Stock index futures fell on Thursday as doubts about a quick economic rebound fueled a global equity sell-off, while Britain's reduced rating outlook pointed to more fallout from the credit crisis.

Asian markets dipping overnight after the U.S. Federal Reserve gave a more pessimistic prognosis for economic recovery. In Europe, U.K. stocks were a top casualty as the FTSE 100 index <.FTSE> dropped more than 2 percent after Standard & Poor's cut its outlook on Britain to negative from stable.

The outlook downgrade of U.K. debt is being taken pretty negatively, said Rick Meckler, president of investment firm LibertyView Capital Management in New York. It sets a precedent for what could start to happen to a lot of the world, given the amount of spending that's going on.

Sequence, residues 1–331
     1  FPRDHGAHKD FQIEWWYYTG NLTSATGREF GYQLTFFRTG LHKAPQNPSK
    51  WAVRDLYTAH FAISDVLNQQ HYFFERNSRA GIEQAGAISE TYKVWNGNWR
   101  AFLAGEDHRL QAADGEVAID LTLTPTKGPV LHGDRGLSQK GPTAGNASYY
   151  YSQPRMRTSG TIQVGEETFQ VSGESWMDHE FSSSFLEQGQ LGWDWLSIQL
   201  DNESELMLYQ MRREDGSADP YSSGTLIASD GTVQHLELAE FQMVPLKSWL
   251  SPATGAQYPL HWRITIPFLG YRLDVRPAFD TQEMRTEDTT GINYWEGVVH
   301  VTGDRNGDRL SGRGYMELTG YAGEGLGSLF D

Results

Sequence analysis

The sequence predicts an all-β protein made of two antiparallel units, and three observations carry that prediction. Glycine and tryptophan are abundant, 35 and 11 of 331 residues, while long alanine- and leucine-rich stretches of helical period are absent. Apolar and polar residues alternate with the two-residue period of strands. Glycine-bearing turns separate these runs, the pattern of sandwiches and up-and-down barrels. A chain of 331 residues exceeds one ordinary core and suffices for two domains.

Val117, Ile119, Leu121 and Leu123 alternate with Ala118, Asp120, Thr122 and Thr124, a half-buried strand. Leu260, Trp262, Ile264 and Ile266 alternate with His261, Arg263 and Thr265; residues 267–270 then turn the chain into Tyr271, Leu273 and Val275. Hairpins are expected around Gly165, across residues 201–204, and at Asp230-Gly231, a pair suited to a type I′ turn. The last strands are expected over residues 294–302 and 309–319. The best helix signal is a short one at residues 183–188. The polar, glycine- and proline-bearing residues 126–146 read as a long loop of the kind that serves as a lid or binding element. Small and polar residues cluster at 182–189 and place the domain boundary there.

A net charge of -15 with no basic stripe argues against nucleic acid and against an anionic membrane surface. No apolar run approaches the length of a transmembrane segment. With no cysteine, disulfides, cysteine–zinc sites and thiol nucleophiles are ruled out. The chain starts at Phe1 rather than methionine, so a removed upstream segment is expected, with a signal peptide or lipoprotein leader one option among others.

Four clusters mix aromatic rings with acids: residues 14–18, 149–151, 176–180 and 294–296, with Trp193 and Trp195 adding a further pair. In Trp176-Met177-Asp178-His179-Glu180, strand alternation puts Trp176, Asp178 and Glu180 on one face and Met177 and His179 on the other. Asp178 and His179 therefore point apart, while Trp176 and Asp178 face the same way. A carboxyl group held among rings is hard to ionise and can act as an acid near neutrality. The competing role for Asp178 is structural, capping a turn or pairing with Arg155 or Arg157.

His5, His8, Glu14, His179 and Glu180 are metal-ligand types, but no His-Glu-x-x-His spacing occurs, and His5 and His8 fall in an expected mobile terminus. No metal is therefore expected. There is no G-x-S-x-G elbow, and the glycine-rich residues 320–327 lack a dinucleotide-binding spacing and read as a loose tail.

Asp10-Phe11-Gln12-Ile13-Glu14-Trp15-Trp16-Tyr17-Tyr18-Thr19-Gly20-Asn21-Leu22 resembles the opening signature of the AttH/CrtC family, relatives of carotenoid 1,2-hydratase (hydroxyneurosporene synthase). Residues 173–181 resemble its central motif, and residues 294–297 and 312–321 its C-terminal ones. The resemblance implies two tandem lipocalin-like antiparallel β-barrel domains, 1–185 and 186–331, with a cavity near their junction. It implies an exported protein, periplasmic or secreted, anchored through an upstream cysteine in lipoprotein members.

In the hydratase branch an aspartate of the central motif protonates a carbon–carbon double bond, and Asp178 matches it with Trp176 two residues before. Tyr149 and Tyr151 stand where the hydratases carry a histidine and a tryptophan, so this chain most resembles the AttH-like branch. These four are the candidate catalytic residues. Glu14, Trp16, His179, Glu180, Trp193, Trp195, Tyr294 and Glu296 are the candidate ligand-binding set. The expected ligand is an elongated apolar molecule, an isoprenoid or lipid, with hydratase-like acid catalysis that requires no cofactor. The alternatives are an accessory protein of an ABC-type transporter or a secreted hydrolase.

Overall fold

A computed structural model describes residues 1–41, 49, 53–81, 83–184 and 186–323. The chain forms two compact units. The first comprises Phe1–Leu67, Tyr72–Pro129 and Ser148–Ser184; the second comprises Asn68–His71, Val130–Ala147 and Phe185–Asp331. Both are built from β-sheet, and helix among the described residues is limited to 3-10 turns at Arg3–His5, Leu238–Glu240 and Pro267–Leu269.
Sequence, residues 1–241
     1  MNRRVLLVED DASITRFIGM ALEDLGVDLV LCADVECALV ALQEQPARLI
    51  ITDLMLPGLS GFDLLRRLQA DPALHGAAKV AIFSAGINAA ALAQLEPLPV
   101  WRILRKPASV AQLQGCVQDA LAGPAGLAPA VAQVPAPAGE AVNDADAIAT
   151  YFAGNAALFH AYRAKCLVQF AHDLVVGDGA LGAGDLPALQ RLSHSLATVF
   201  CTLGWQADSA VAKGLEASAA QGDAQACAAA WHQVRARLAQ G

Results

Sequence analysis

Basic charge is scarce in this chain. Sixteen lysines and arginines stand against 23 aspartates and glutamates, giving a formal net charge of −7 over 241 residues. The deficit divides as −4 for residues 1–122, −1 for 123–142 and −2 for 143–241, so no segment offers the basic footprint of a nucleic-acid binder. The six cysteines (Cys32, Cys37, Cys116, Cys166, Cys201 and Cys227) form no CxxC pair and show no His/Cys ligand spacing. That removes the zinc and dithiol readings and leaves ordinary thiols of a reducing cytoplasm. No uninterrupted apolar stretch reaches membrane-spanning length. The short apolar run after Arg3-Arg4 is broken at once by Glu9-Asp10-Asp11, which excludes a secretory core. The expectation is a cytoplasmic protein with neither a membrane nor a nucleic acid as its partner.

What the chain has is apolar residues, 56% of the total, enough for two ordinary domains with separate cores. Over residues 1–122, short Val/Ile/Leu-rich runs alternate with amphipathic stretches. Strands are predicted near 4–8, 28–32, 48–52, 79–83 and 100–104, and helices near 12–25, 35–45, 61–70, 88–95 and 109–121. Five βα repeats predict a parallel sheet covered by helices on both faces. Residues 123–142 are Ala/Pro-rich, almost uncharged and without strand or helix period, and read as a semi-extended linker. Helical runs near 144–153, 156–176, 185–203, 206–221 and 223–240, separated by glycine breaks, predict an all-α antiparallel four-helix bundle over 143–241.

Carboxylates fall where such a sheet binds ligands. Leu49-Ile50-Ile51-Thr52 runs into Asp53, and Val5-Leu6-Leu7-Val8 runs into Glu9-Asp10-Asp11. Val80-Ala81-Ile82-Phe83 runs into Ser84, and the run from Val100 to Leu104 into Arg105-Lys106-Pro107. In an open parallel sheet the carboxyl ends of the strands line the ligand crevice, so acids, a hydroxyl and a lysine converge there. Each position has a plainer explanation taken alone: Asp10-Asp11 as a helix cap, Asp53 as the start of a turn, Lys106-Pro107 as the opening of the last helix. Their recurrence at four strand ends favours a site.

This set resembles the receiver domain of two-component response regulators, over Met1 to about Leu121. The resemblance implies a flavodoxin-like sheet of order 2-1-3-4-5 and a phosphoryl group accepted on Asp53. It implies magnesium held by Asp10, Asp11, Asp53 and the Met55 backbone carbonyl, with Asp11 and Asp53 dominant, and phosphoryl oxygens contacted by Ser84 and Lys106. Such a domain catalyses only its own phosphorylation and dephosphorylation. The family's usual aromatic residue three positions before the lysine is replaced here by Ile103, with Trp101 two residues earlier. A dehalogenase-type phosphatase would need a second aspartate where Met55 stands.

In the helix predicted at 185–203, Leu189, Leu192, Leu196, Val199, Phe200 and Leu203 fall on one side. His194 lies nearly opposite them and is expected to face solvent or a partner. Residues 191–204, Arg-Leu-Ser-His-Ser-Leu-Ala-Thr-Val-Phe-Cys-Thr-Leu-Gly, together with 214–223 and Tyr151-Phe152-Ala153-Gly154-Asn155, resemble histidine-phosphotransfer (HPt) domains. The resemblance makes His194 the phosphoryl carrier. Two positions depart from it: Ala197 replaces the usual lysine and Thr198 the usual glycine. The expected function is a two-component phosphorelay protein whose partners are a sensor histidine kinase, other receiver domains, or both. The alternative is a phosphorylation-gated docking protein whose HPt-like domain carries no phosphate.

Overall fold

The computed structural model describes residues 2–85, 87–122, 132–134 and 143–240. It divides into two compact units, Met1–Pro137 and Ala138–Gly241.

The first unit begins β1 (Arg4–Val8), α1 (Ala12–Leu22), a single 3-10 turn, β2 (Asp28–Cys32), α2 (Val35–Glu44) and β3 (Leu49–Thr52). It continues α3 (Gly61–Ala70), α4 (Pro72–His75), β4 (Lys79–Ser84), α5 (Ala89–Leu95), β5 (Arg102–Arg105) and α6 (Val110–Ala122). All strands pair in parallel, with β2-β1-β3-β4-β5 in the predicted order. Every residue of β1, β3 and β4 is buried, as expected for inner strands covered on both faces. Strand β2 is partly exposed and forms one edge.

Investors were also cautious ahead of a government report on weekly jobless claims that could shed more light on the state of the labor market. The data is due at 8:30 a.m. EDT.

S&P 500 futures fell 6.30 points and were below fair value, a formula that evaluates pricing by taking into account interest rates, dividends and time to expiration on the contract. Dow Jones industrial average futures shed 43 points, and Nasdaq 100 futures dipped 9.75 points.

Bank of America Corp is among stocks in the spotlight after the Financial Times reported the largest U.S. bank wanted to pay back $45 billion in government bailout funds by the end of the year, accelerated by a program to raise capital.

Former Federal Reserve Chairman Alan Greenspan said the U.S. economy and financial markets had improved, but warned that banks faced a capital shortfall, which could stall lending and obstruct a recovery, Bloomberg reported Thursday.

(Reporting by Ellis Mnyandu; editing by Jeffrey Benkoe)